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Pop Levi Never Never Love Review

Album. Released 2008.  

BBC Review

This indie-pop trickster loves to mix up psychedelic motifs, glam-rock scams,...

Sid Smith 2008

The indie pop trickster from LA, who has enjoyed stints with Super Numeri and time with Ladytron, loves to mix up psychedelic motifs, glam-rock scams, subliminal pop sonics, electronics and rock. Imagine Mud (you know, ''that’s right, that's neat I really love your Tiger Feet'') crossed with Led Zeppelin's Black Dog and you have some idea of the who'da-thunk-it mix-up that is the opening big bang of Wannamamma.

The audacity of this iconoclastic combination is initially striking and startling in a so-bad-it's-good kind of way. Yet within a few minutes of this self-style assault and disassembling of popular culture, what at first appeared audacious quickly begins to wear thin and becomes simply tedious. Very quickly it's so bad it’s just, er, bad.

Like some musical alchemist, perhaps Pop Levi is attempting to turn base metal into gold. Perhaps he is on some visionary quest seeking a greater truth about the world by sifting through the things it throws away. Perhaps the man who once claimed to develop his writing through the occult practice of scrying, finds connections and ineffable correspondences between musical bodies that would ordinarily cancel each other out.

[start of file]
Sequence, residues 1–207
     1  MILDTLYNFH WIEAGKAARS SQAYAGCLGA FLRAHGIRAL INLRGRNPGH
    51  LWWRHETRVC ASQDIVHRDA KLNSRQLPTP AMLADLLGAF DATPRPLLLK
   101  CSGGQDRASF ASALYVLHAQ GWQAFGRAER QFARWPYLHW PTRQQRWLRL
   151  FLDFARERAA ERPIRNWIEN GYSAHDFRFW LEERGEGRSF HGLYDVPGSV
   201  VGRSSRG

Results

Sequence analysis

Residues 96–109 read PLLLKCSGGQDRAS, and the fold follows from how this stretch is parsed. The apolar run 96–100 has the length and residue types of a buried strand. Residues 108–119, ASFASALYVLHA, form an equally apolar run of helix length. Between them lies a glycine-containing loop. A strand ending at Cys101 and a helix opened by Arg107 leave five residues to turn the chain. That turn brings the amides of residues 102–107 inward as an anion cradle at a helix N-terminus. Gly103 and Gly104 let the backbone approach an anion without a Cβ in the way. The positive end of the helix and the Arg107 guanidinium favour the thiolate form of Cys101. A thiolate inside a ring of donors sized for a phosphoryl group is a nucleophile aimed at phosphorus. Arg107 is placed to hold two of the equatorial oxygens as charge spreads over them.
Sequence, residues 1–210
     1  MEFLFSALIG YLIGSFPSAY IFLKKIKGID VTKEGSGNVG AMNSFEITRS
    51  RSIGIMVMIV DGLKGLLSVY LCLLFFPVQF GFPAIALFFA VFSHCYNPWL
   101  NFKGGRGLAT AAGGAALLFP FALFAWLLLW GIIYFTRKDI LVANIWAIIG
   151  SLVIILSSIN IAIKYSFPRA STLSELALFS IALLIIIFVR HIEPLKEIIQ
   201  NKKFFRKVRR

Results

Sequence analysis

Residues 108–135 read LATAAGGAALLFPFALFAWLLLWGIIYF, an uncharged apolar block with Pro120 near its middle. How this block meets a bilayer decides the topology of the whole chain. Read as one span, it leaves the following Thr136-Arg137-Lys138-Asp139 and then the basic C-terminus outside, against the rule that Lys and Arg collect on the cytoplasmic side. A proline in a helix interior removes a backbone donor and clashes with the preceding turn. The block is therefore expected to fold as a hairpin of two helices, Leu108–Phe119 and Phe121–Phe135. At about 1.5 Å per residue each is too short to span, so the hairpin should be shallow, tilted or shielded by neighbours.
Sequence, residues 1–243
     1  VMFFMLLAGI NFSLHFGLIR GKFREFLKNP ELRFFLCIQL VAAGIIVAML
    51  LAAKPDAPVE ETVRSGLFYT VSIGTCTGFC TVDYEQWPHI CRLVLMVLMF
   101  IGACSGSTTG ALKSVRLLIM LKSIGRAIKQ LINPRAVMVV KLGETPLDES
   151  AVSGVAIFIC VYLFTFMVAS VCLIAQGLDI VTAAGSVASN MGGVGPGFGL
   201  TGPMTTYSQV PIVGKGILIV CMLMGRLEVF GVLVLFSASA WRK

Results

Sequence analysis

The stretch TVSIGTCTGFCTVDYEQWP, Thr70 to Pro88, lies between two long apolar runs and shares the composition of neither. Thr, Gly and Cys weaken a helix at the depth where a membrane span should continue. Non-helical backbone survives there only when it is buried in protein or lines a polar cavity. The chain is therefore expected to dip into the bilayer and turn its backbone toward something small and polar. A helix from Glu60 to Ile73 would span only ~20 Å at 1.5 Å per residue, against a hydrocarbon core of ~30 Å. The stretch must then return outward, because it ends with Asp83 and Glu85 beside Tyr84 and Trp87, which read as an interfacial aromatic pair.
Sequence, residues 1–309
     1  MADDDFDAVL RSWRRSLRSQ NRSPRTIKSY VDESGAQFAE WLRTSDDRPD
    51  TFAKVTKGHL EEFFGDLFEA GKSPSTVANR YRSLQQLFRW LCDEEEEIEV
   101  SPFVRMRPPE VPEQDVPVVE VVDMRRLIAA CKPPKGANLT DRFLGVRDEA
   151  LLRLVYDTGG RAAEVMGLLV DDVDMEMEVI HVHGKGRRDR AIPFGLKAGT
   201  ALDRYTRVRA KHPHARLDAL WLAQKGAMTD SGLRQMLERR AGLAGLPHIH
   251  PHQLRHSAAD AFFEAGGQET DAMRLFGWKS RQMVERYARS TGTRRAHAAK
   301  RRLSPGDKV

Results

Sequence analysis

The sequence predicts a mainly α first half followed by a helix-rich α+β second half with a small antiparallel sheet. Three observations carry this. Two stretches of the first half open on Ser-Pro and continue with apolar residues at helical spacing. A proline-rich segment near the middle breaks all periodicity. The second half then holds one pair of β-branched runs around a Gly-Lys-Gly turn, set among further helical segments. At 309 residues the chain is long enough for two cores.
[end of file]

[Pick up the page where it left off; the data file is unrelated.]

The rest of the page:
Thus in Pop Levi's world the Bay City Rollers lay down Dub, The Sweet play Springsteen at his own game, and Rick Astley is the new Nick Lowe. Perhaps all of this is possible in the world of a performer who, in addition to his psychic-inspired song writing, has also declared he wants be a giant cult.

Or perhaps he's just having a laugh.

Meanwhile, back on planet Earth...

Showcasing all the emotional and spiritual depth of a gnat, he struts, pouts and cartwheels through 13 songs like some hyperactive kid in a frenzy of self-absorbed prattle. Just when you think it can't get any worse, any more gormless, or any more contrived, along comes the blue-eyed reggae tosh of Mai's Space. Sounding like Cher on helium, this is exactly the kind of abomination Jonathan King used to come up with.

If pop music is meant to be utterly disposable, trivial and forgettable then this record is a triumph.

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